Knockdown of Adult Mosquitoes (Diptera: Culicidae) Exposed To Vaporized Acetone
  Key Words  
  Volatile organic compound, neurotoxin, chemical safety, Culicidae
  K. Jahangir, M. Rafiquzzaman, and J. Zairi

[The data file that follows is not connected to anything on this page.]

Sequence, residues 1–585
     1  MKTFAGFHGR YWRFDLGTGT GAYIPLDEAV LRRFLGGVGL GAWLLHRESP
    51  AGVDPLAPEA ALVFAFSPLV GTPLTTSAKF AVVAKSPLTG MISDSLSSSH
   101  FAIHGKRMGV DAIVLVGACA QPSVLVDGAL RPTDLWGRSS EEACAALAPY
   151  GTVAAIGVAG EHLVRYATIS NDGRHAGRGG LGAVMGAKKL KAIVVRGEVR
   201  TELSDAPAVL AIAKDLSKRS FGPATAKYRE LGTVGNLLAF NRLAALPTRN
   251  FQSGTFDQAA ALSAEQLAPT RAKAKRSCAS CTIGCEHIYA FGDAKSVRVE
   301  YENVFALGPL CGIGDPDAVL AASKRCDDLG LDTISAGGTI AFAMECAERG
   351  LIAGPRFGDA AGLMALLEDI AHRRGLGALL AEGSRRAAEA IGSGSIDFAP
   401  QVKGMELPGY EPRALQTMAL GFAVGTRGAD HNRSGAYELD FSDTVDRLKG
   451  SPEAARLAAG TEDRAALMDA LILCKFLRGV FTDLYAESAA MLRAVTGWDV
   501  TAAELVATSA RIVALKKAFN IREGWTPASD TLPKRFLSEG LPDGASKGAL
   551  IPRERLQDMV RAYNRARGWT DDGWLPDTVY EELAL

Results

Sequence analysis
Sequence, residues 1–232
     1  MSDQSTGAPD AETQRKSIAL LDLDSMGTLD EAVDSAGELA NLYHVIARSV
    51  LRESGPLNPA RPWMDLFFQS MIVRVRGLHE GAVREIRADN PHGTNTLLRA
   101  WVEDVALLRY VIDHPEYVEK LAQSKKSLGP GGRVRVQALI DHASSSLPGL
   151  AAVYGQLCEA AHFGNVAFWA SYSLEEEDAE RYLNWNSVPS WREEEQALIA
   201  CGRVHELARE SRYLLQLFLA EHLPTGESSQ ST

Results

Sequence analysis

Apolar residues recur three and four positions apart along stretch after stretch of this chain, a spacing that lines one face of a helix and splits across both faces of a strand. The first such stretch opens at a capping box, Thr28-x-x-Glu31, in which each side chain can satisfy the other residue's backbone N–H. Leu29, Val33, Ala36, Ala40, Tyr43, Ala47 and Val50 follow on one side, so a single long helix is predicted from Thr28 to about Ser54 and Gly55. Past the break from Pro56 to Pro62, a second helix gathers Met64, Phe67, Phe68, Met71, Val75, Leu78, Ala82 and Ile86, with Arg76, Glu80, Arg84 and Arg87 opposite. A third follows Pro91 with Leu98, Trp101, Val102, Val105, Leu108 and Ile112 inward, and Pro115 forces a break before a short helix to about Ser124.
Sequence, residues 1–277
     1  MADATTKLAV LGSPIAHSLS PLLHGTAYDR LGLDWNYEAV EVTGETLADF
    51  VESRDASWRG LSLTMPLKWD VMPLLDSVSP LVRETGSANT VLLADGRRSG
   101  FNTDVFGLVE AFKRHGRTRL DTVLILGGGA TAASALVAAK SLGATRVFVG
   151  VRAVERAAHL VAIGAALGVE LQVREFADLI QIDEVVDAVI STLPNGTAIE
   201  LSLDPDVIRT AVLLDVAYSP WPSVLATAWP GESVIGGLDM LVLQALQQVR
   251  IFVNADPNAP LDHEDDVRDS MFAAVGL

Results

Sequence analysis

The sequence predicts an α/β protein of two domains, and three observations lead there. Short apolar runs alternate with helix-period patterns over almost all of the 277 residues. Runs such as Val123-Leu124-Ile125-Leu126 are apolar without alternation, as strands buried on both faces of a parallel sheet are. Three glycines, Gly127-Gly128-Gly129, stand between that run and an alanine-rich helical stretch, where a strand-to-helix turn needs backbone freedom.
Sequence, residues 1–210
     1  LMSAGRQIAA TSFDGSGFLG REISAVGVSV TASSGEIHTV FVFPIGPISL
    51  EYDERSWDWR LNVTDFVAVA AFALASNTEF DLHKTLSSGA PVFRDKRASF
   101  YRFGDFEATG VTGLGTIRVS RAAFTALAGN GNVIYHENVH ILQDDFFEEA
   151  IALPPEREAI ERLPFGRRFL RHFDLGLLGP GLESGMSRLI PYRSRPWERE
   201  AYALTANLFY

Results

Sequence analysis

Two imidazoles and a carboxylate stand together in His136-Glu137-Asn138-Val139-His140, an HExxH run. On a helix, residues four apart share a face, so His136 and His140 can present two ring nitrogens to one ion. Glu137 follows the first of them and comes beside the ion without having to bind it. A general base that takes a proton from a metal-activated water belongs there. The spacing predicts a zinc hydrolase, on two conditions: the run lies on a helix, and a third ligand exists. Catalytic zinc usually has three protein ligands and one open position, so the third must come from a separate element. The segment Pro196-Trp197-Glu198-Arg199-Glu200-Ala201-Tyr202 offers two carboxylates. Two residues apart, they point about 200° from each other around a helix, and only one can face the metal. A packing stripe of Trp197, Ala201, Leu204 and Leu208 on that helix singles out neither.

Inhalation of acetone at concentrations above the permissible exposure level (PEL) has been reported to cause adverse effects on human central nervous system, characterized by nausea, headache, dizziness and motor incoordination. The PEL in most European Union countries is limited to 500 ml/m3. This study investigates the possibility of vaporized acetone in affecting mosquito nervous systems, characterized by knockdown i.e. inability of mosquito to fly or stand. Aedes aegypti, Culex quinquefasciatus and Toxorhynchites splendens exposed to vaporized acetone at a dose of one-sixth of the PEL (PEL/6) of in an airtight flask (0.002 m3) were knocked down in less than 19 minutes. Culex quinquefasciatus were significantly (P < 0.05) more susceptible to acetone compared to Aedes aegypti and Toxorhynchites splendens. Differences of knockdown time between male and female among these three species were insignificant (P > 0.05).